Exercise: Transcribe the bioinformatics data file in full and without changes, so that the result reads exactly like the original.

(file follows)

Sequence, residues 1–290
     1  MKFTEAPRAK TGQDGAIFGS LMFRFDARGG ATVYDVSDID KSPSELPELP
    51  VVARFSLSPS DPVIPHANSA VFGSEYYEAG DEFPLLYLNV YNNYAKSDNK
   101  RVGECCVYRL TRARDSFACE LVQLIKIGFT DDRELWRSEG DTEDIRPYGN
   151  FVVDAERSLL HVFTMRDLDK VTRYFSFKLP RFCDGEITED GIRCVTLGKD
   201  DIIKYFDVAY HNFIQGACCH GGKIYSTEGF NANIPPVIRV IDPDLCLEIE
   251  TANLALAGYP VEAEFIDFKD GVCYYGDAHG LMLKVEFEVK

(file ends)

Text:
Sequence, residues 1–290
     1  MKFTEAPRAK TGQDGAIFGS LMFRFDARGG ATVYDVSDID KSPSELPELP
    51  VVARFSLSPS DPVIPHANSA VFGSEYYEAG DEFPLLYLNV YNNYAKSDNK
   101  RVGECCVYRL TRARDSFACE LVQLIKIGFT DDRELWRSEG DTEDIRPYGN
   151  FVVDAERSLL HVFTMRDLDK VTRYFSFKLP RFCDGEITED GIRCVTLGKD
   201  DIIKYFDVAY HNFIQGACCH GGKIYSTEGF NANIPPVIRV IDPDLCLEIE
   251  TANLALAGYP VEAEFIDFKD GVCYYGDAHG LMLKVEFEVK